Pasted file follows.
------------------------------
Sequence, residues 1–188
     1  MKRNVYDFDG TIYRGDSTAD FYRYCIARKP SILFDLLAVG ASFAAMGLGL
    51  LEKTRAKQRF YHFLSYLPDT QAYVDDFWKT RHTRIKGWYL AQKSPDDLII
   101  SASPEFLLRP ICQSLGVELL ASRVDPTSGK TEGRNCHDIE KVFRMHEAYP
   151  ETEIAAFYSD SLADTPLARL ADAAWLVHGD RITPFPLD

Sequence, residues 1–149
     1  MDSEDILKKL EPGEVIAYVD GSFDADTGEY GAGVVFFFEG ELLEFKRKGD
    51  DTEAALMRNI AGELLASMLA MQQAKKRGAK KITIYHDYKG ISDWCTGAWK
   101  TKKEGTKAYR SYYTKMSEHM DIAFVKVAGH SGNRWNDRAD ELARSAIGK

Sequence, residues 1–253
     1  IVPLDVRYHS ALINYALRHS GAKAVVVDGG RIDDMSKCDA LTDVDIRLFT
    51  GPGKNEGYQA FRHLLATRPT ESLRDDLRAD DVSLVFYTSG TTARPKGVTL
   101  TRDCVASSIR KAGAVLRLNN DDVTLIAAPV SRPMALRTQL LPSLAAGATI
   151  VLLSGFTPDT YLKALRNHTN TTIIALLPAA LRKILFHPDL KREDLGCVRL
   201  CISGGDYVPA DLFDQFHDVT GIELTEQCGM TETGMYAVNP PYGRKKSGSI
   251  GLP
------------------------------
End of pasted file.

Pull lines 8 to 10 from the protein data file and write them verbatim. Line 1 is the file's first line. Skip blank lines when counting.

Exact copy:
    51  DTEAALMRNI AGELLASMLA MQQAKKRGAK KITIYHDYKG ISDWCTGAWK
   101  TKKEGTKAYR SYYTKMSEHM DIAFVKVAGH SGNRWNDRAD ELARSAIGK

Sequence, residues 1–253